While participating in the AFL Dreamtime game in Darwin over the weekend, Richmond player Dylan Grimes was subjected to horrific online abuse. The harassment got so bad that Grimes feared for the safety of his family, so he reported it to Victoria Police with the backing of Richmond FC and the AFL.
Victoria Police acted swiftly and comprehensively, identifying Grimes’ abuser and making an arrest as quickly as Tuesday.
The actions of the police are commendable in taking these threats seriously and responding so quickly. If only the same kind of support could be offered to women who experience the same thing.
We know women experience serious online harassment and abuse at higher rates than men, but it is rare to hear about women having such positive encounters with the police when they make reports.
In the mayhem that has been 2020 it’s easy to forget the sexual harassment and abuse of AFLW star Tayla Harris took place only last year. Where was the swift police response to this incident? Harris told radio station RSN that she had received support from the AFL community, but worried about why police didn’t seem to be considering whether the comments could be the tip of the abuse iceberg.
Just last month, Walkey-award winning journalist Leigh Sales exposed, not for the first time, the kinds of vile sexualised abuse she receives every time she interviews a politician. At the time of writing this article, Sales was again trending on Twitter after a tough interview with Anthony Albanese. Sales said in Twitter in July, “Check my @ mentions to see for yourself after any big interview”.
In June, numerous outlets reported the online abuse of Human Rights Lawyer and advocate Nyadol Nyuon after she appeared on Q&A. Perhaps most gallingly of all, one of Nyuon’s abusers was a South Australian police officer. South Australia police apologised and said the officer had been suspended pending an investigation, but it’s unclear whether any further disciplinary action has been taken.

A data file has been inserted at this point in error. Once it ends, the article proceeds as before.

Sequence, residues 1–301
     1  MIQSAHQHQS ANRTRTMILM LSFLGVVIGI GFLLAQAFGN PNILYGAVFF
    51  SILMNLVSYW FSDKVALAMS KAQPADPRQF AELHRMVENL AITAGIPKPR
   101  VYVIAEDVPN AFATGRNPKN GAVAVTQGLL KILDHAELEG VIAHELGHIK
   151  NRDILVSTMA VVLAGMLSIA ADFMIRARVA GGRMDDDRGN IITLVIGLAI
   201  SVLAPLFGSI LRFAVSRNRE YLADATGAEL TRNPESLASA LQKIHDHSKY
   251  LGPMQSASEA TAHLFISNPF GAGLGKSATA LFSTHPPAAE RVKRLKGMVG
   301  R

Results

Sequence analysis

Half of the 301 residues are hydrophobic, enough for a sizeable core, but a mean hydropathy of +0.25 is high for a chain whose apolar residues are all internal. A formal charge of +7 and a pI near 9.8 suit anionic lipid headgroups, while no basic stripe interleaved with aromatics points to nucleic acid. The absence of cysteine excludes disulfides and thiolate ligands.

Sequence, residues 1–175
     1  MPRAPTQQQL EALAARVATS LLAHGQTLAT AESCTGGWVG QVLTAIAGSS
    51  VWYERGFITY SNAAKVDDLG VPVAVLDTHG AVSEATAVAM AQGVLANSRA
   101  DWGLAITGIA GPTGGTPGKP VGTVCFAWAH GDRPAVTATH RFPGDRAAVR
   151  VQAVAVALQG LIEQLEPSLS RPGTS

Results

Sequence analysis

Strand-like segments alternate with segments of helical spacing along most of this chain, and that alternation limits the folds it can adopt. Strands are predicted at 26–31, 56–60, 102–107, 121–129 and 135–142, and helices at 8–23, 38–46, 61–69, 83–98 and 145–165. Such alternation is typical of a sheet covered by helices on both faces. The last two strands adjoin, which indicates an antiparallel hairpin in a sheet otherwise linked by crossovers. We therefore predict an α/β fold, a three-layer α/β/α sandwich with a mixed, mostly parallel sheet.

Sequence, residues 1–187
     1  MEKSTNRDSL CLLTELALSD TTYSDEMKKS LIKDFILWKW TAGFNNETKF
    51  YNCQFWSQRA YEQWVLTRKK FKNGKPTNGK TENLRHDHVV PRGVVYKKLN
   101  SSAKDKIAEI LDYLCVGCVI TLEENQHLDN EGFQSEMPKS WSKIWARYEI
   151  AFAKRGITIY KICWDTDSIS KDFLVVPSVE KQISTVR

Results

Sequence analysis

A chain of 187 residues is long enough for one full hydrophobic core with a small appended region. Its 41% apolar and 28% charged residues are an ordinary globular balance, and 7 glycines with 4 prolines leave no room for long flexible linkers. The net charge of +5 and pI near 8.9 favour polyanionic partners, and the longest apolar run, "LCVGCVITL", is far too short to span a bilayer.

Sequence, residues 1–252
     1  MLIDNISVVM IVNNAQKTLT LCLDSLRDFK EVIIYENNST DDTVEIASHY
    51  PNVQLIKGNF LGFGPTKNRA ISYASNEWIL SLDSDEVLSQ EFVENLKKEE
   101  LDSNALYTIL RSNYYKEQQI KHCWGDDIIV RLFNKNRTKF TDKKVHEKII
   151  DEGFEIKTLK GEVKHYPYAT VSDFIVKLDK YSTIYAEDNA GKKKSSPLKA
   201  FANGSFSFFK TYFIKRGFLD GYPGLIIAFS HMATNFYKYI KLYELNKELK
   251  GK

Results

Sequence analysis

Police serve a useful and important function, but they are not beyond reproach and they must be held to account. Women have been documenting and reporting this abuse for years and little has been done about it.
There needs to be greater understanding within the police force that someone does not need to be in the public eye to feel threatened or exposed. Countless women journalists, writers, commentators, editors, and women with nothing to do with the media industry experience online harassment and don’t report it because they are afraid it would result in even worse attacks, or they fear they won’t be taken seriously.
In 2016 I reported to the police I was feeling threatened after receiving a text ending with “how’s your safe space cunt?” from a man I turned down for a second date. The officer I spoke to told me to block the number and just ignore it, because it was “unlikely” the man would do anything. The security guards where I worked took me more seriously than the police did, printing off his photo and sticking it up in the office in case he was seen on campus. We need the police to be taking online abuse and harassment of women as seriously as the VCA Security team did.
Gender Equity Victoria has been funded by the Victorian Government to develop moderation guidelines for media organisations to help them protect their women journalists from online abuse and to respond appropriately when it does happen. We emphasise that it is the institution’s responsibility to support their employee, whether freelance or full-time, in making reports to the police. As we have seen with Grimes’s case, the support of organisations goes a long way. For those without organisational support, having someone to assist is essential when they experience harassment. We suggest women go with a friend when they make reports to the police and make sure they have documented everything, including their interaction with the police.
In 2017 Dr Emma Jane and Dr Nicole Vincent brought together activists, police representatives and academics to workshop ideas about how organisations and institutions like the police should be supporting and responding to reports of online abuse and harassment. In their report Jane and Vincent quote blogger and activist Kath Read who said the police had told her to “stop being so confident” and “get offline” when she reported harassment and abuse.
As Jane and Vincent argued, police should have “clear guidance about what evidence victims need to present when reporting cyberhate, whom they should present this evidence to, and what standards must be met to ensure that evidence is valid”. At present, GEN VIC cannot find evidence that these guidelines exist online. We are in the process of developing such a resource.
The police response to the Grimes case demonstrates that they know exactly how to respond to online abuse and harassment when it is presented to them. This therefore begs the question, why are they letting so many of the members of the community down when it comes to online harassment?